Gym membership fees which are paid late after a member has been barred from the gym are part of a service and subject to VAT, the Court of Appeal has ruled.
The case involved company Esporta, which runs health and fitness clubs in the UK.
Members join for minimum of one year and pay fees in advance, either in one go or by monthly direct debits.
The case heard in the Court of Appeal was about members who pay monthly in advance, and who default on their payments. When this happens, Esporta turns off the member's swipe card within five days, denying the member access to its clubs.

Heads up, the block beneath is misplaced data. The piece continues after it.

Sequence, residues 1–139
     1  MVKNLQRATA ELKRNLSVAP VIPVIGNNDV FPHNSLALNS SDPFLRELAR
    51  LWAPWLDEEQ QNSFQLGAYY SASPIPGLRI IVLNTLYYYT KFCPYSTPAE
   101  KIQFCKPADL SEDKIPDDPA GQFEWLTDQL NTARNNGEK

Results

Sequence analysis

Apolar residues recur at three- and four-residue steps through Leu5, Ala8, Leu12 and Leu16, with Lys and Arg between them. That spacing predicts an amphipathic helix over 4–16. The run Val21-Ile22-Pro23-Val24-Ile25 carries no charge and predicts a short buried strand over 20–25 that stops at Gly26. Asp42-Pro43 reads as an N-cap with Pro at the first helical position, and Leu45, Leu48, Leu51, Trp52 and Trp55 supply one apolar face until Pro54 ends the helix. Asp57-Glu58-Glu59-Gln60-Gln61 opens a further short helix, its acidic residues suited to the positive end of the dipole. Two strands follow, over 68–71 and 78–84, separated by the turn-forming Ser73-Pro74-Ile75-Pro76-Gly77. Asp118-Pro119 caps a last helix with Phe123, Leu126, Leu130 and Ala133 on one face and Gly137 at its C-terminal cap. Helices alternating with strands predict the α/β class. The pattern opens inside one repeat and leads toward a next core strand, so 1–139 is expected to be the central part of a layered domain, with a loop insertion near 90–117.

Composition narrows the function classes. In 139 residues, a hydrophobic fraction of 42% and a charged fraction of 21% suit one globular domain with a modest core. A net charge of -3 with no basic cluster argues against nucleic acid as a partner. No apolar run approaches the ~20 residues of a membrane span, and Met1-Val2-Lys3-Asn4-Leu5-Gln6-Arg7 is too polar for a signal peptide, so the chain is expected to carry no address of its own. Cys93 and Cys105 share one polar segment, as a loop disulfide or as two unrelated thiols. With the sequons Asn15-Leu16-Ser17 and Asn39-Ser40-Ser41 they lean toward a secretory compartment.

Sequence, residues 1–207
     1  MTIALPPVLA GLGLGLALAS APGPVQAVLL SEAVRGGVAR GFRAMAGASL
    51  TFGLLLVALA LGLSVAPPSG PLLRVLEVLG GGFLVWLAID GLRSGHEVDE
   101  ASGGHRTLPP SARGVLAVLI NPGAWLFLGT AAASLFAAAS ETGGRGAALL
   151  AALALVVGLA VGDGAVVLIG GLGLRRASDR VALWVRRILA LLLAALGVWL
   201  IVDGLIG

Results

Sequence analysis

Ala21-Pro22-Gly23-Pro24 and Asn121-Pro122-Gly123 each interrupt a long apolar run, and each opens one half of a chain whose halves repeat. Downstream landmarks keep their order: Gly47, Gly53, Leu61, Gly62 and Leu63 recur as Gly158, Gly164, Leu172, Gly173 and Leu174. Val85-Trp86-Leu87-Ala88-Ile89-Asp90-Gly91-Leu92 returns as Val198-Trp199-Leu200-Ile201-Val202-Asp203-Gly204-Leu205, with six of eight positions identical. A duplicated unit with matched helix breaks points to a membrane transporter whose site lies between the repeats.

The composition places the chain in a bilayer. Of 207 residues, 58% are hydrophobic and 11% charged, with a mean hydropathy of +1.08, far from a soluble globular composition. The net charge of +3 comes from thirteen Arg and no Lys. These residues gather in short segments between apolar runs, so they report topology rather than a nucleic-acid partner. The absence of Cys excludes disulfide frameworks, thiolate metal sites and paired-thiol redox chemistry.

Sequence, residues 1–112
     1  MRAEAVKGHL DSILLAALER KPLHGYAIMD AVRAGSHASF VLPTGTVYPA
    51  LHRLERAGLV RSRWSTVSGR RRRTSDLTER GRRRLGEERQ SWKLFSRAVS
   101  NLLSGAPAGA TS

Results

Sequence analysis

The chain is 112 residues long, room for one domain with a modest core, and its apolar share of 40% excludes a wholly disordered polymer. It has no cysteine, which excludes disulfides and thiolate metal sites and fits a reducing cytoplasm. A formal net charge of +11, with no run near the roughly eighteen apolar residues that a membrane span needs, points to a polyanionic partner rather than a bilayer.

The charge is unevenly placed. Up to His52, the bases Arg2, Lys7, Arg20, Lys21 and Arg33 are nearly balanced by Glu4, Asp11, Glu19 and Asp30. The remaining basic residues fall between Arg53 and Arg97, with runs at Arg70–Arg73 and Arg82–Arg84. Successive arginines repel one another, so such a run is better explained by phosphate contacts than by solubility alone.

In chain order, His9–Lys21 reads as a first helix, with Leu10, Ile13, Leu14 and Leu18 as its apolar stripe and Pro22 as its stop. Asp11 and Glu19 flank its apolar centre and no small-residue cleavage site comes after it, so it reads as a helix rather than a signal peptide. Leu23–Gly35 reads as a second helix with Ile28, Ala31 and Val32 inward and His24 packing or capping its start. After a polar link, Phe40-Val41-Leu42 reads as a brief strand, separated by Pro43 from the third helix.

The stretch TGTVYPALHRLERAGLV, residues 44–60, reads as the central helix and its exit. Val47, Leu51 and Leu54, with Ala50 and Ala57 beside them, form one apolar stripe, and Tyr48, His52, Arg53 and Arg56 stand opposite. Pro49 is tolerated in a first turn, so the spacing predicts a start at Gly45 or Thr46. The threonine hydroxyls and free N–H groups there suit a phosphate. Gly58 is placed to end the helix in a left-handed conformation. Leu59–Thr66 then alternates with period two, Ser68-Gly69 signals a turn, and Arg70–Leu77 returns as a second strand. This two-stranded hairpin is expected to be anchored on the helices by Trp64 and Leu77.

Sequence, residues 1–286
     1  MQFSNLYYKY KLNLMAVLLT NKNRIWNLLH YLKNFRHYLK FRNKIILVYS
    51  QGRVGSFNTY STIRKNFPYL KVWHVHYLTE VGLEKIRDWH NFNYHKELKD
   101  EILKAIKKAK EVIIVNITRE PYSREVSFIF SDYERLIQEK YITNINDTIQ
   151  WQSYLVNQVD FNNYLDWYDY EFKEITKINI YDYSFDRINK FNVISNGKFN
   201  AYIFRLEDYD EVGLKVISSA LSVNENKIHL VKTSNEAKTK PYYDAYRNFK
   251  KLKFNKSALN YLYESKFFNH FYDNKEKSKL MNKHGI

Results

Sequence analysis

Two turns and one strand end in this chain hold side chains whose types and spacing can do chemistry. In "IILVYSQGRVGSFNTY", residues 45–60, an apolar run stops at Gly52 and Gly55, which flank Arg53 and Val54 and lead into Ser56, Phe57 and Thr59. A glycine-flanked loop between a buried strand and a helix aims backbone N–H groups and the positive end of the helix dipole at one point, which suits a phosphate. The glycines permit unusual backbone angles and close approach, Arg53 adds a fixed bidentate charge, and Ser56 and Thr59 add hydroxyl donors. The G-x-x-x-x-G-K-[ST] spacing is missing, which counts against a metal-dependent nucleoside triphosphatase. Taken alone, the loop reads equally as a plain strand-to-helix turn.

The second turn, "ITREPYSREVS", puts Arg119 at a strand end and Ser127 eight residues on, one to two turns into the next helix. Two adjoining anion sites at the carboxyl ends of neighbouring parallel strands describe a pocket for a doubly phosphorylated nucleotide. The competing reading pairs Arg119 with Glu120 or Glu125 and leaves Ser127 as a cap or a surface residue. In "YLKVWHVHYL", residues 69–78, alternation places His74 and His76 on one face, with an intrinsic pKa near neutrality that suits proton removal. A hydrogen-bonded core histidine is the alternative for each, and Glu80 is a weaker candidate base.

Esporta doesn't terminate the membership. It later tries to recover the outstanding membership fees for the remainder of the "commitment period" or until the end of a three-month notice period after the "commitment period" has ended.
In one instance, when Esporta barred a defaulting member it argued that any payment received from him after that time was compensation for breach of contract and not "consideration for services" therefore not subject to VAT.
HMRC argued that even after being barred from entering a club a member continued to enjoy benefits - for example, their club membership would be maintained without the need to re-apply.
Earlier this year, the Court of Appeal for England and Wales rejected...